$^DOWNLOAD#$ I Wasn't Ready to Say Goodbye Surviving Coping and Healing After the Sudden Death of a Loved One ( ReaD )

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$^DOWNLOAD#$ I Wasn't Ready to Say Goodbye: Surviving, Coping

and Healing After the Sudden Death of a Loved One ( ReaD )


$^DOWNLOAD#$ I Wasn't Ready to Say Goodbye: Surviving, Coping and

Healing After the Sudden Death of a Loved One ( ReaD )

$^DOWNLOAD#$ I

Wasn't Ready to

Say Goodbye:

Surviving, Coping

and Healing After

the Sudden Death

of a Loved One (

ReaD )

Description

Pamela D. Blair, Ph.D. is a psychotherapist and pastoral counselor in

private practice in Hawthorne, New York. Brook Noel is a CEO, author,

speaker and mom. She has been featured in hundreds of shows and

magazines, including ABC World News, CNN Headline News and Fox &

Friends. She is the author of The Change Your Life Challenge and several

other books. Read more Excerpt. © Reprinted by permission. All rights

reserved. Excerpt from Chapter Two: Notes for the First Few Weeks

'And people answered the phone for me. And people cooked for me. And

people understood for me. My dearest friends cared for me when I didn't

care.' - Wendy Feiereisen At this moment, in the direct aftermath of

losing someone tragically, there is so little anyone can say. We cannot

find the words to offer you peace - though we wish it were a gift we

could give you. We promise you now that we will give you everything we

can to help you make your way through this. We will help you wind a path

through the haze, the confusion, and the pain that is gripping at your

core. For the first few weeks, do not concern yourself with what you

will do, where you will go, or what lies in the future. For now, we ask

that you simply follow the guidelines in this chapter. There will be

time to cope, to understand, to process - later. Right now, you simply

need to take care of you. Treat Yourself as if You Were in Intensive Care

You are in the process of going through one of the most traumatic

experiences a person can endure. The challenges you have already faced,

both physically and mentally, will leave you vulnerable, exhausted, and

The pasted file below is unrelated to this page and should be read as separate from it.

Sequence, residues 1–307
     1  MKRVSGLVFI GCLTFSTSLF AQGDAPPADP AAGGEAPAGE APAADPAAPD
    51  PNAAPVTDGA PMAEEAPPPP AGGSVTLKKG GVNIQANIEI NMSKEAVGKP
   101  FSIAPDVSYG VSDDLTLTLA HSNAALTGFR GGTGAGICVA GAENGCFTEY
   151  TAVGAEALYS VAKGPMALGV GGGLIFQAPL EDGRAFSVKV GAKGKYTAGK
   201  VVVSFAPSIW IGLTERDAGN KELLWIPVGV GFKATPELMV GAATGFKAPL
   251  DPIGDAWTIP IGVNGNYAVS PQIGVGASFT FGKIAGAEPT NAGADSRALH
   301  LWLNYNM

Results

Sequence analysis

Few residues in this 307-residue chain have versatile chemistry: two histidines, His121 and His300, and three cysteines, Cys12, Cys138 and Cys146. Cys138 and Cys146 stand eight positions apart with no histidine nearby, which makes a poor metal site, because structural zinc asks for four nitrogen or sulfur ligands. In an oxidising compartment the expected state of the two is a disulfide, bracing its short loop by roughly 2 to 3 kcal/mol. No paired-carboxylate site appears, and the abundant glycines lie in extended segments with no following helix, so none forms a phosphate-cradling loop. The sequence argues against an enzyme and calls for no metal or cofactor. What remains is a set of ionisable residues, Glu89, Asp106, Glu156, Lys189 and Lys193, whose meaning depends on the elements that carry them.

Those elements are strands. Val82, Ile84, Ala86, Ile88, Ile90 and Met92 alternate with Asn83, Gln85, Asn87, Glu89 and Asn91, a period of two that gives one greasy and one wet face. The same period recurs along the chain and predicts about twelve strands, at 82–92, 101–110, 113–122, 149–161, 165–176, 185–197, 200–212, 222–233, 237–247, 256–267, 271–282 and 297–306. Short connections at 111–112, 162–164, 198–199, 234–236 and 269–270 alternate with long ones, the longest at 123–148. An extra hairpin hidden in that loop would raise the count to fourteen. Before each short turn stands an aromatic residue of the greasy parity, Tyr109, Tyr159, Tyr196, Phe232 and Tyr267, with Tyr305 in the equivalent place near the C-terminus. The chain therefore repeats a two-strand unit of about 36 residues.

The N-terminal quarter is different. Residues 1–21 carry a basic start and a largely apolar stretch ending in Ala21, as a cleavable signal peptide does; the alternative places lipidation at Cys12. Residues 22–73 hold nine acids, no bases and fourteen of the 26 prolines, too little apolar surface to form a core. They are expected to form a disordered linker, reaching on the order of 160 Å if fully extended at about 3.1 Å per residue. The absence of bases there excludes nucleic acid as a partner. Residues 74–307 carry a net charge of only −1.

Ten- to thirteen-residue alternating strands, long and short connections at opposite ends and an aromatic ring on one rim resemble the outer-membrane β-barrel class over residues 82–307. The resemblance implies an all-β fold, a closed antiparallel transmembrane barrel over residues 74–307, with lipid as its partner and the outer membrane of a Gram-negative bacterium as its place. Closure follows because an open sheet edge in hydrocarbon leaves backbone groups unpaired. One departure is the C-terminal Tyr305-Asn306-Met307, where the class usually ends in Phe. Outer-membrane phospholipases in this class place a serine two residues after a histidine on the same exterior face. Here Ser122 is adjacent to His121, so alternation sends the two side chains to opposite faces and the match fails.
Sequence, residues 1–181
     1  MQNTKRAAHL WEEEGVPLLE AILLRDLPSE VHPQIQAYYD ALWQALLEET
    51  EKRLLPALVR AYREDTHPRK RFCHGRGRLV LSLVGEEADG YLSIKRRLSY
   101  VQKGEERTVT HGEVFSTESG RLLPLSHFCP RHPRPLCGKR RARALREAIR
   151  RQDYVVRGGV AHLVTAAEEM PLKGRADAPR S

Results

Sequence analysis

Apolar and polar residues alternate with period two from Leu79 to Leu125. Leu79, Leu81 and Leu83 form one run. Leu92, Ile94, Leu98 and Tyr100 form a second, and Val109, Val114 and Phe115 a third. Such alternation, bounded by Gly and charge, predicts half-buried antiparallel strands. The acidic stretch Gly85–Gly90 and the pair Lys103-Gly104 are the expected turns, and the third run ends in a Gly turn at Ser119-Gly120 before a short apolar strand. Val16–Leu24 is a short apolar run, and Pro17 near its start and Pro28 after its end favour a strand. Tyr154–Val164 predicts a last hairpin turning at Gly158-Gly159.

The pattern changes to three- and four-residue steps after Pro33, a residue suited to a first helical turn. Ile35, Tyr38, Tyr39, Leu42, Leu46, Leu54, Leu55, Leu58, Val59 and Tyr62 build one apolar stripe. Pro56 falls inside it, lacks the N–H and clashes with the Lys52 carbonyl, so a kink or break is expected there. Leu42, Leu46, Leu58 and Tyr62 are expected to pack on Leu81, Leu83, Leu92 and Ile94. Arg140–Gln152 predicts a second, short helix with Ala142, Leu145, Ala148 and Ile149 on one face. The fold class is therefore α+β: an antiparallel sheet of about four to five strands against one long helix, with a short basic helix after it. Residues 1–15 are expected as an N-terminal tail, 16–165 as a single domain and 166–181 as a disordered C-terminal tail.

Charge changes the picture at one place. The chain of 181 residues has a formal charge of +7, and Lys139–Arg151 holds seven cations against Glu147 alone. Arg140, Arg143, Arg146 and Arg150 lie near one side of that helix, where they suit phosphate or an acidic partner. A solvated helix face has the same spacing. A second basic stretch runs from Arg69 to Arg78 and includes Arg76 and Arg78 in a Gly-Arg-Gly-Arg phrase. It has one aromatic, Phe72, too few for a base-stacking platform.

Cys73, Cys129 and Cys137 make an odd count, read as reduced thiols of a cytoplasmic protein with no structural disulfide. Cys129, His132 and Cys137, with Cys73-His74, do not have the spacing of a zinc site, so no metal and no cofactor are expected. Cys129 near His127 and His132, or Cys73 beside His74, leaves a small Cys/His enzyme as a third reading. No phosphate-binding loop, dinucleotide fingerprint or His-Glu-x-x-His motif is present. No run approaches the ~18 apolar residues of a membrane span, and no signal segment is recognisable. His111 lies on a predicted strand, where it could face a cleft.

weak. It is imperative that you focus directly on yourself and on any

dependents. Find ways to get your needs met first in these few weeks. In

the first week or so you will probably feel stunned and overwhelmed. You

may also feel numb or hysterical. Your emotional system shuts down,

providing temporary insulation from the full impact of your loss. You

will go through the motions; it will look like you're coping well

sometimes. In her book, The Worst Loss, Barbara D. Rosof writes, 'In

shock you may be unable to move or speak coherently; people report that

they cannot think. Shock responses may also be active and intense; you

may have screamed, or run from the room, or physically attacked the

bringer of the news. All of these behaviors are means of shutting down,

or distancing yourself from a reality that you do not yet have a way to

deal with. As you look back, your behavior may seem bizarre and totally

out of character for you. Remember that your entire world had been


knocked out from under you. You were in free fall, and your first task

was to find any way to stop the fall.' When the funeral is over and your

relatives and friends have gone home, the shock begins to wear off. It

is important not to make any decisions that will have a lasting impact

on your life (for example, sell the house, give away the person's

belongings, etc.) while you are in shock. Expect to Be Distracted

During the first few weeks, your mind will be filled with racing

thoughts and unfamiliar emotions. Many people report having difficulty

with simple tasks. Losing one's keys, forgetting where you are while

driving, and sluggish reaction time are all commonly reported problems.

With everything you are mentally and physically trying to process, it's

normal to be distracted. Take special caution. Try to avoid driving and

other activities where these symptoms may cause injury. Have Someone

Near You If possible, choose a close friend to keep near you through the

first week or two. Let this person help you make decisions, hear your

fears or concerns, and be the shoulder for you to lean on. Give them a

copy of this book. Later, as you move through the grieving process, it

will be very helpful to have someone who has 'been there' and

understands thoroughly what you are talking about. Accept the Help of

Friends Our energy is so depleted in the first few weeks after loss,

it's hard to even ask for help. We have included a handout at the end of

this chapter that can be photocopied freely and given to your inner

circle of friends and relatives. You may be reluctant to do this, but

please do. Even if we don't think we need people right now, we do

indeed. Brook shares her story of friendship . . . 'When I lost my

brother, my friend Sara was my anchor. I never asked her to come over

that evening but as soon as she heard, she came (even though I told her

there was nothing she could do). She simply sat next to me. Then she

went upstairs and packed my bag for the upcoming week. She hugged me

when I needed it and sat in the other room when I needed to be alone. To

this day, her warm presence brings tears to my eyes. It was an extension

of love and caring like few I have known.' If, like Brook, you are too

grief-ridden to ask for help,

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